Christine Blasey Ford (shown above right) completely upended the final days of Supreme Court nominee Brett Kavanaugh’s Senate confirmation process when she publicly accused him this past Sunday of “trying to attack me and remove my clothing” in an article for The Washington Post.
Ford initially leveled anonymous sexual assault allegations against Kavanaugh (above left) in July — the same month that President Donald Trump nominated him to replace outgoing Supreme Court Justice Anthony Kennedy.
But it wasn’t until Sunday that she publicly came forward in claiming that Kavanaugh sexually assaulted her 36 years ago at a party in Maryland, when they were both teens in high school.
Ford initially detailed her allegations to Feinstein through her congresswoman, Rep. Anna G. Eshoo (D-Calif.). Feinstein’s failure to disclose the accusations publicly until the 11th hour of the confirmation process earned intense backlash.
Although the Senate Committee on the Judiciary originally was scheduled to vote on Kavanaugh’s nomination Thursday before sending the vote to the full Senate shortly thereafter, that vote is now officially delayed until Kavanaugh and Ford have the chance to testify publicly on September 24. (Ford, apparently, has not yet officially confirmed she will appear on Monday.)
Kavanaugh has “categorically and unequivocally” denied Ford’s accusations, saying he has “never done anything like what the accuser describes — to her or to anyone.”
Trump and other White House officials are still supporting Kavanaugh’s nomination while urging the Senate to conduct a fair and thorough investigation into Ford’s allegations.
After Ford derailed Kavanaugh’s confirmation so late in the process, here are the six things you absolutely must know about the accuser:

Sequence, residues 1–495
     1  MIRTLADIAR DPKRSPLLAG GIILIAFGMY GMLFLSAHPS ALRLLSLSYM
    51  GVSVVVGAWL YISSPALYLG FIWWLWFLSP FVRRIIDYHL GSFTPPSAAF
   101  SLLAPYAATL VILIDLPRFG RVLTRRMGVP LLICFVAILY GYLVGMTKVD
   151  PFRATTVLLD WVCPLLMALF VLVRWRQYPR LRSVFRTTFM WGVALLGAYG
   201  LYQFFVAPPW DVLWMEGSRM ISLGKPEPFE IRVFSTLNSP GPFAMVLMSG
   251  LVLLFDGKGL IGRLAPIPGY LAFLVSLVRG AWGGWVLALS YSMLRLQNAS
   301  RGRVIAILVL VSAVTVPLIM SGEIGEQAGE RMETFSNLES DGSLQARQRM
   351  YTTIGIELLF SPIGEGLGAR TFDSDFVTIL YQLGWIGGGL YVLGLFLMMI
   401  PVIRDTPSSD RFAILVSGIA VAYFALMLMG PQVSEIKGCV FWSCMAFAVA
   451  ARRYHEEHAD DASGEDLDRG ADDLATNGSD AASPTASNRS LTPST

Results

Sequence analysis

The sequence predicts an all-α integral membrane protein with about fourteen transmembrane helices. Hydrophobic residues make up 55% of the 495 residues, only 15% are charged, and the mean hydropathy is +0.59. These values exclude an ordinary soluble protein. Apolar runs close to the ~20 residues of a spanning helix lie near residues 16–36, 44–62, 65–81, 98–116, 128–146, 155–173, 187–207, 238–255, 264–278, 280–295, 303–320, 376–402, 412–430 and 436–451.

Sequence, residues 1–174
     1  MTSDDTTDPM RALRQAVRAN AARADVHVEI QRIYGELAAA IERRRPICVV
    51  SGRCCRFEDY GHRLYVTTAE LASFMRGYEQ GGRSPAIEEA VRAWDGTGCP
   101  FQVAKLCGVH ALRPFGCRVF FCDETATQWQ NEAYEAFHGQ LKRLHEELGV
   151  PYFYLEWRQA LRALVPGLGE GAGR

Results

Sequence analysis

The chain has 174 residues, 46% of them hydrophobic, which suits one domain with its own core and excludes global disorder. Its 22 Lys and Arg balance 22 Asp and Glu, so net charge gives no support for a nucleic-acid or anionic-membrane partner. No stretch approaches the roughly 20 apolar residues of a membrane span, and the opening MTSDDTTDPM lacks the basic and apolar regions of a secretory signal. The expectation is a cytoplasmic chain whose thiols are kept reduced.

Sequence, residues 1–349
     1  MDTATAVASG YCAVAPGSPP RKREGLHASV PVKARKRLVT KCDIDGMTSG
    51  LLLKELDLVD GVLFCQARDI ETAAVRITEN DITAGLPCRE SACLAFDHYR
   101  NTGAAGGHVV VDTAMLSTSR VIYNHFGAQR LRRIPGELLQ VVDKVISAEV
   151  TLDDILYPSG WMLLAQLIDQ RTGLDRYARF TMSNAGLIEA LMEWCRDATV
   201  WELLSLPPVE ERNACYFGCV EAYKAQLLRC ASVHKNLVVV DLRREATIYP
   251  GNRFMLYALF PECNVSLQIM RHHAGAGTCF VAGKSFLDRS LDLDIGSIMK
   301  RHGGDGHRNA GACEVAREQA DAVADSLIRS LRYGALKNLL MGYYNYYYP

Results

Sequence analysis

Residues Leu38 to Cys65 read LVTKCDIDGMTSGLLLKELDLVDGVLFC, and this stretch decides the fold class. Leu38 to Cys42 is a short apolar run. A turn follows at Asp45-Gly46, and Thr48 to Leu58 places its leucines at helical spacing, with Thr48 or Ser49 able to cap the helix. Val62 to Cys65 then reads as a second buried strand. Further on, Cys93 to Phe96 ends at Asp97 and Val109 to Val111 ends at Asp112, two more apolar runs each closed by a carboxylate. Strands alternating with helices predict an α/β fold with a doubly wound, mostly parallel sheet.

1.) Ford is a psychology professor at Palo Alto University in northern California. The university’s website says Ford is a biostatistician “who specializes in the design and analysis of clinical trials and other forms of intervention evaluation.”
2.) Ford claims that Kavanaugh “was trying to attack me and remove my clothing.” The Washington Post article described how Ford feared a “stumbling drunk” Kavanaugh “might inadvertently kill me” as he allegedly cornered her in a bedroom during a party in “the early 1980s.”
3.) Ford insists she told no one about her claims until 2012. The professor told The Post that she first spoke of the alleged incident during a couples therapy session with her husband, although the therapist’s notes failed to include Kavanaugh’s name. Another session in 2013 included her account of a “rape attempt” in high school.
4.) Ford’s husband says she feared in 2012 that Kavanaugh could be nominated to the Supreme Court. Russell Ford told The Post that his wife used Kavanaugh’s last name during a session in 2012 “and voiced concern that Kavanaugh — then a federal judge — might one day be nominated to the Supreme Court.”
5.) Ford has donated to Democratic causes. A registered Democrat, Ford, now 51, has donated to liberal causes and groups such as ActBlue, according to The Wall Street Journal. ActBlue is “a nonprofit, building fundraising technology for the Left” with a mission “to democratize power and help small-dollar donors make their voices heard in a real way,” according to its website.
6.) Ford passed a polygraph test regarding her accusations in August. The Post reported that Ford passed the test administered to her by a former FBI agent in August after her attorney recommended she take it.
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